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Thrombocytopenia is the presence of relatively few platelets in blood. The most common causes of decreased platelet production are marrow aplasia (when the marrow is not developing naturally), fibrosis (an abnormal formation) or infiltration with malignant cells.

People with low levels of platelets bleed more easily and are prone to bruising. Platelets (thrombocytes) are colorless blood cells that play an important role in blood clotting. The number of platelets in a blood sample also decreases rather quickly with time and a low platelet count may be caused by a delay between sampling and analysis. thrombocytopenia may result from the use of certain drugs, such as quinine, quinidine, rifampin, heparin, nonsteroidal anti-inflammatory agents, histamine blockers, most chemotherapeutic agents, allopurinol and alcohol.

Person with thrombocytopenia may also complain of malaise, fatigue and general weakness (with or without accompanying blood loss). In acquired thrombocytopenia, the patient's history may include the use of one or several offending drugs.

Thrombocytopenia often occurs as a result of a separate disease or disorder. For example, a bone marrow disorder such as leukemia can interfere with platelet production and reduce the number of platelets in your blood. Platelets and red and white blood cells are made in the bone marrow, a spongy, fatty tissue found on the inside of larger bones. Certain types of chemotherapy drugs can damage the bone marrow so that it does not make enough platelets. Sometimes, thrombocytopenia occurs because of an immune system malfunction that develops for unknown reasons.

Causes of Thrombocytopenia

Common causes of Thrombocytopenia

  • Vitamin B12.
  • Leukemia.
  • Heavy alcohol consumption.
  • Sepsis and viral or bacterial infection.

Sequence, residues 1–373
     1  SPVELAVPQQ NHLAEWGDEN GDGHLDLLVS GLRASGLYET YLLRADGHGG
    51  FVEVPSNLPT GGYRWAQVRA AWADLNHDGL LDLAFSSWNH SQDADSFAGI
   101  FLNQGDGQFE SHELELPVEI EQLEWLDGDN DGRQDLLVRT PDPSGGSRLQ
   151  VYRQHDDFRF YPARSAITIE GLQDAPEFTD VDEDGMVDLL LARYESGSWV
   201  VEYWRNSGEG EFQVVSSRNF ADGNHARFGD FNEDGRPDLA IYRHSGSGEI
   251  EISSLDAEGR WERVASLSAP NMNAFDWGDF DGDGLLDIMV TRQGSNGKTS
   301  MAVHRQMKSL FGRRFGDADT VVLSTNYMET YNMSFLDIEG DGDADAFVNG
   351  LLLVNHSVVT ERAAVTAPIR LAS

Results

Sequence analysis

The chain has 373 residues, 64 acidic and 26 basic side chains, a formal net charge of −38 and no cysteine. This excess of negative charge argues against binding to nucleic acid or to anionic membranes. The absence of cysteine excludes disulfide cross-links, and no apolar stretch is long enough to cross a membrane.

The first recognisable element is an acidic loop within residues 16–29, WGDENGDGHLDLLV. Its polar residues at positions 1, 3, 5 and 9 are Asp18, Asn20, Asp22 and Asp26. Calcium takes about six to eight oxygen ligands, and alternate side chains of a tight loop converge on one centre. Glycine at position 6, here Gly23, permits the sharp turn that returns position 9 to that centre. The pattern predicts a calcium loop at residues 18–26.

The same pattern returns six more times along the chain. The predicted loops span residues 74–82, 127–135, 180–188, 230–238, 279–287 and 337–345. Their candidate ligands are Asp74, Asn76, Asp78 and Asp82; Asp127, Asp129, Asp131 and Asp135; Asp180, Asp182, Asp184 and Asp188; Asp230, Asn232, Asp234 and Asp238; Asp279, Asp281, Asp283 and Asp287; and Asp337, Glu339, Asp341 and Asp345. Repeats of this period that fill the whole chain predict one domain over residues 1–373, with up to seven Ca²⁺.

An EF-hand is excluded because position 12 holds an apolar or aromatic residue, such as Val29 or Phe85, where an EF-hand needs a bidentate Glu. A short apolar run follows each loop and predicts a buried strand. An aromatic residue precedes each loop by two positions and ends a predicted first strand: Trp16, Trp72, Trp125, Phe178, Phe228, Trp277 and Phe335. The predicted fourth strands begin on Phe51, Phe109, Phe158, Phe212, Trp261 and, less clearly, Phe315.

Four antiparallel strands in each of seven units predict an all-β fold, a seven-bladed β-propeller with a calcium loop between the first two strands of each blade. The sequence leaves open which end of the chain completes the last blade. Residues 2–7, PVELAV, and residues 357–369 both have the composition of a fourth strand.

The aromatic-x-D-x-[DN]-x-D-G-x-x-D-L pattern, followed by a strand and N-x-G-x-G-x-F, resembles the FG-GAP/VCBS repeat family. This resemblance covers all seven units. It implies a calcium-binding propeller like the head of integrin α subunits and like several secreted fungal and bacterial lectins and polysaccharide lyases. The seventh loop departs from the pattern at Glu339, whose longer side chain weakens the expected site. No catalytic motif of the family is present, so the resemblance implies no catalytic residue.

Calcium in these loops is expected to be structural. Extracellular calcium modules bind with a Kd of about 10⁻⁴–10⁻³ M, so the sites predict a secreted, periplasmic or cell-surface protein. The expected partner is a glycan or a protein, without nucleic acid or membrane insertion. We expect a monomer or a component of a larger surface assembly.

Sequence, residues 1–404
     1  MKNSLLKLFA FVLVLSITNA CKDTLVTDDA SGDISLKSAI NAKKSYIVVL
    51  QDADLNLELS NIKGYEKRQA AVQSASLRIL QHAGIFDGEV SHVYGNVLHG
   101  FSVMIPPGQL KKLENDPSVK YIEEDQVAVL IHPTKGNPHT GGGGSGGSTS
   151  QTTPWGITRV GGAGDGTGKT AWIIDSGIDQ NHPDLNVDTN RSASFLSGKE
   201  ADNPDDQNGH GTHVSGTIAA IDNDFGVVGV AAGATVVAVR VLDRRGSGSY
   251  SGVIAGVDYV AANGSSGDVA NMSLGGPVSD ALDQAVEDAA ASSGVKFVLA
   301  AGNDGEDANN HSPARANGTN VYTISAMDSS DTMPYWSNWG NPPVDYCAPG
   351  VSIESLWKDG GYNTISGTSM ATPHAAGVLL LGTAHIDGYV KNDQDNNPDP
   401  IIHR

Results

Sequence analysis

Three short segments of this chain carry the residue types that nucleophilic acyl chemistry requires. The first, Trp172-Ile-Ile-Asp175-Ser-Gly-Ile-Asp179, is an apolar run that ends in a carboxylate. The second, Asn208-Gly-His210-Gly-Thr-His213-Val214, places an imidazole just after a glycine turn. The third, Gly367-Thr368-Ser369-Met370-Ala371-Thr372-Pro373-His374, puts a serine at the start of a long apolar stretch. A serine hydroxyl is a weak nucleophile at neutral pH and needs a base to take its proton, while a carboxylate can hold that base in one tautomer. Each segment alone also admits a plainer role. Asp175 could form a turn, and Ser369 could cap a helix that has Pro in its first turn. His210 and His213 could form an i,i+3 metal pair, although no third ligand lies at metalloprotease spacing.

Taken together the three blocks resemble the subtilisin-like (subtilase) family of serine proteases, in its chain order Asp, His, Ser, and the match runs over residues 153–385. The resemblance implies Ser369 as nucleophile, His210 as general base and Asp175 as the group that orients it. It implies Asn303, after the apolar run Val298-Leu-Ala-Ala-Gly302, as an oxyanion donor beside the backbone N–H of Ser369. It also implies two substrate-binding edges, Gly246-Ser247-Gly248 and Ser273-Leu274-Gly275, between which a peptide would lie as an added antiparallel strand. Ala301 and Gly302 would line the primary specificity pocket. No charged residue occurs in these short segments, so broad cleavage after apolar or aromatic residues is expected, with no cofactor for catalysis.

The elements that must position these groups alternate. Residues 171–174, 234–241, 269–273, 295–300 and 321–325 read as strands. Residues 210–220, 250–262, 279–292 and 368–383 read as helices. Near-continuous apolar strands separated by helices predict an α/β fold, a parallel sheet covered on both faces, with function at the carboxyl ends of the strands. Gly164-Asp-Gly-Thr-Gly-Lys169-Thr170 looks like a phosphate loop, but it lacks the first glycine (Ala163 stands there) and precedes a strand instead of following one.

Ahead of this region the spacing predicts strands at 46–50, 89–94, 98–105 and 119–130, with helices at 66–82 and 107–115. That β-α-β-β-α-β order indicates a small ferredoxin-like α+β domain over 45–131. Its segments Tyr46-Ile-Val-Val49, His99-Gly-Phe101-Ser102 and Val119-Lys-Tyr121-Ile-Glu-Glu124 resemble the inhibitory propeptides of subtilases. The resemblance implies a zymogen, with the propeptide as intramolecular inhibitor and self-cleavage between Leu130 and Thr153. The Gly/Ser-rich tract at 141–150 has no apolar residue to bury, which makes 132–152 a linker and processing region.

• Bone marrow megakaryocytes.
  • Hereditary syndromes.
  • Hemolytic-uremic syndrome.
  • Thrombotic thrombocytopenic purpura.

Symptoms of Thrombocytopenia

Common Symptoms of Thrombocytopenia

  • Bruising.
  • Small purple and red spots under the skin(petechia).
  • Nosebleeds.
  • Heavier than usual menstrual periods.
  • Black or bloody bowel movements or reddish or pinkish urine.
  • Blood in the vomit.
  • Headaches.
  • Dizziness.
  • Pain in the joints or muscles.
  • Weakness.
  • Confusion.
  • Coma.

Treatment of Thrombocytopenia

Common Treatment of Thrombocytopenia

  • Corticosteroids, or medications that suppress the immune system to reduce antibody formation, such as cyclophosphamide (Cytoxan) or azathioprine (Imuran).
  • Surgery is removing the spleen (splenectomy) relieves signs and symptoms or helps improve chronic idiopathic thrombocytopenic purpura that doesn't respond to corticosteroids.
  • Use an extra soft toothbrush and don't floss if your gums bleed.
  • Blow your nose gently using a soft tissue.
  • Blood transfusions Platelet concentrates are given to treat severe thrombocytopenia.
  • Avoid contact sports and other activities that might cause injury.
  • Plasma exchange.




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